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Many of our Safe and Sound Schools are already out for summer and my kids are literally counting the days until school ends here.  I have just about finalized our summer trips, camps, and activities, but there is one thing that still has me panicked a little.

Free time.

Yes, I said it. And I’m not the only one thinking it.  Our lives are highly structured during the school year between school, sports, music, art, church, family and social obligations.  What will my family do with the gift of their free time this summer?

I am picturing berry picking, swimming, reading (actual books), and playing games together.  But the reality is that each one of us is likely to spend a great deal of this newfound free time with our smartphones, laptops, and gaming devices.  So how do I help my family make the most of their free time, balancing time online and off?  And how do I ensure that the time they spend online is safe as well as fun?

We reached out to one of our favorite online safety resources, the Family Online Safety Institute (FOSI) for a list of tips and helpful resources for fun and safe summer online…

 1. Develop a family contract for online and electronic use. While a safety contract is great for kids, it’s also helpful for parents. In fact, for each set of rules, parents will have to make a set of promises, too. We believe online safety is a partnership, and it works better when parents and their children are in it together.

2. Monitor online usage and contacts. It’s good practice to friend and follow your kids on social media, but don’t stalk them. You can still protect your kids from the harms of the Internet while respecting their online space.

3. Be a good digital role model. Kids learn a lot from their parents, so model the type of behaviors you’d like to see your kids pick up. Curb you own bad digital habits, know when to unplug and show your kids how to collaborate and create online.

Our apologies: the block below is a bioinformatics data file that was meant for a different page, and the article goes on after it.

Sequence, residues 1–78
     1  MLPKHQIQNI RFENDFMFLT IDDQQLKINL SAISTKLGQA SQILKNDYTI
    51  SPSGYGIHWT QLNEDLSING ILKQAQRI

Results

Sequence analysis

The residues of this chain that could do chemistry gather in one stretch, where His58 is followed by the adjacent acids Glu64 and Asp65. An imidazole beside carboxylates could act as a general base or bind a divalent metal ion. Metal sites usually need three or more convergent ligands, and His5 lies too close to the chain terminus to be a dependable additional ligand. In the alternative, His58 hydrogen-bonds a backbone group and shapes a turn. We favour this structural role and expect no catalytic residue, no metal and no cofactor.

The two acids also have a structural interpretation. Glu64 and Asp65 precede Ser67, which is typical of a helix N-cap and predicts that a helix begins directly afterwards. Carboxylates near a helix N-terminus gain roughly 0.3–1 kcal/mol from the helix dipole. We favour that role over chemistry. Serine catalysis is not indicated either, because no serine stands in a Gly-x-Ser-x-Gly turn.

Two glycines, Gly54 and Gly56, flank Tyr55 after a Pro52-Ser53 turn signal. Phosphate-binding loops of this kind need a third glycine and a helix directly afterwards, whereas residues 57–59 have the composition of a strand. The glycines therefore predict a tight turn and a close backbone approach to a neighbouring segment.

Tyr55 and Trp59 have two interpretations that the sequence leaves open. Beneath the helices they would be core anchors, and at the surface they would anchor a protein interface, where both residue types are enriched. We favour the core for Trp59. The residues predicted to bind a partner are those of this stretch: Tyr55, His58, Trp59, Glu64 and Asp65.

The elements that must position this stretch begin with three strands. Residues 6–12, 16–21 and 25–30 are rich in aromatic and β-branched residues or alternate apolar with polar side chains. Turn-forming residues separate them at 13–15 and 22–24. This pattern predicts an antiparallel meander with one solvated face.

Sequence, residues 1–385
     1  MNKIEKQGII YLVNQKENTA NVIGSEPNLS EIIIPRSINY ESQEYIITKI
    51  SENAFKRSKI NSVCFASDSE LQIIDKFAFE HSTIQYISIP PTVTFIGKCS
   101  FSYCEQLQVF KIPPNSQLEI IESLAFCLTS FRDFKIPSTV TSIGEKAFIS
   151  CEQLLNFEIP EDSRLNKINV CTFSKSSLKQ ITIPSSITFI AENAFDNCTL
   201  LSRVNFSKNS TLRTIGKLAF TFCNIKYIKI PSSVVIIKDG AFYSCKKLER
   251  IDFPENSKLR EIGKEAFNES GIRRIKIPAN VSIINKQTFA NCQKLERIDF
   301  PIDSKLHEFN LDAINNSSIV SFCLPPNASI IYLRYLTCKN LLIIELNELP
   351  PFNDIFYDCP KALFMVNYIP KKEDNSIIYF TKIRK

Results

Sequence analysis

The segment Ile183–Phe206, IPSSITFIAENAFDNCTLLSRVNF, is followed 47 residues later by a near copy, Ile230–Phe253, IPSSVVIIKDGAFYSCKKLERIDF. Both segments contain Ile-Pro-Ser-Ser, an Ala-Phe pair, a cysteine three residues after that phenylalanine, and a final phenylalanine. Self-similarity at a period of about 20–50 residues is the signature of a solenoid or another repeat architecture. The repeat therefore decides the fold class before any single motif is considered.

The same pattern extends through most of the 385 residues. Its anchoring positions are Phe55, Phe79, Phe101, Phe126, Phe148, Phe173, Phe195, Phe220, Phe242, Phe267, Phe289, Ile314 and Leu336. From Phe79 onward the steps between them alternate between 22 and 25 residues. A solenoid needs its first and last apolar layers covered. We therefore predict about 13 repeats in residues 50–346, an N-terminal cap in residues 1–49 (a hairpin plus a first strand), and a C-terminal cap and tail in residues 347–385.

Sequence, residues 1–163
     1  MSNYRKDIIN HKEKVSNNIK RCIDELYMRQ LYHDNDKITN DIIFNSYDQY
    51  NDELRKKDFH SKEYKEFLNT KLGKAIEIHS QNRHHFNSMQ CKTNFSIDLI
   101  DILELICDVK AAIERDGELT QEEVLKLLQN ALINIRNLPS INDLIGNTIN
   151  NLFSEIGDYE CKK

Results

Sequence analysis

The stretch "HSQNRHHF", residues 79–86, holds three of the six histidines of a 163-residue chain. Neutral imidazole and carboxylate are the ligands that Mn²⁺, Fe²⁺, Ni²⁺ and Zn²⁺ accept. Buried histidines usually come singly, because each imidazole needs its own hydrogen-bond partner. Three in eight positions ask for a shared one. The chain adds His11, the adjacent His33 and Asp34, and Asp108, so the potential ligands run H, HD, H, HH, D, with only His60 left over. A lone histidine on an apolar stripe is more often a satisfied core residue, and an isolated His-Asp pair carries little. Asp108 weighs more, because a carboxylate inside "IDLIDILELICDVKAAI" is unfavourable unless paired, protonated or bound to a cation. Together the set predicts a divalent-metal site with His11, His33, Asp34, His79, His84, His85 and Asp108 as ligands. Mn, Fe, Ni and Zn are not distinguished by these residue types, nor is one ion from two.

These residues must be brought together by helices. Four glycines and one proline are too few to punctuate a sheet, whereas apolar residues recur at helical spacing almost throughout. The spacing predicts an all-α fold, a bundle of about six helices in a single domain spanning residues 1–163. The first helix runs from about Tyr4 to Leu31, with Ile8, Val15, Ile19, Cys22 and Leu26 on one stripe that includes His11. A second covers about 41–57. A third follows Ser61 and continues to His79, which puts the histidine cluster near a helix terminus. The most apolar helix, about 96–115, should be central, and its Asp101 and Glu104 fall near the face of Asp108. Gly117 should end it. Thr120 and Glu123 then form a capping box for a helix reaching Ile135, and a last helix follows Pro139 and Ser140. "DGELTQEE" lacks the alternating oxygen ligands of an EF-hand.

4. Share the screen. Spend time online together learning what interests your child and talking about what you discover and want to avoid along the way.

5. Spot trolls and temptations. We are in trying times online. Bad behavior such as cyberbullying, doxing, swatting and online harassment have made headlines. Fake news stories are in the forefront and online trolls have become increasingly more popular. It is important to teach your kids how to spot these trolls and instances of fake news. Educate them on reliable news sources and have them understand that just because something is on the internet, doesn’t necessarily make it true.

Some resources to check out…


Learn more about FOSI
FOSI offers a range of resources including the 7 Steps to Good Digital Parenting, Three Teachable Moments and Cleaning Up Your Digital Footprint tools.

October is National Cyber Security Awareness Month (NCSAM), an annual effort cofounded and co-led by the National Cyber Security Alliance (NCSA) and the U.S. Department of Homeland Security (DHS) to provide everyone with the resources they need to be safer, more secure and better able to protect their personal information online. As our world becomes more connected, our children spend more time online and connect to the internet more often at home, at school and on the go. It’s crucial for kids to understand the importance of protecting their personal information and how they can be smart, ethical internet users. We all have roles to play in strengthening our cybersecurity and privacy. NCSAM is a great time for parents and teachers to talk to kids about online safety; here are a few tips to get you started.

  • It’s not about the technology – it’s about how it’s used. There can often be hysteria around the latest app or how young people use devices. It’s important, however, to focus not on the specific devices or apps but how they are used. For example, smartphones have cameras that can be used to spark and promote creativity, and apps may have functions that allow video chat or live streaming; however, they can also be used to send inappropriate images or create security vulnerabilities. Teaching kids to use the technology in their classrooms and at home appropriately and manage privacy and security settings will help everyone learn how to better protect themselves online.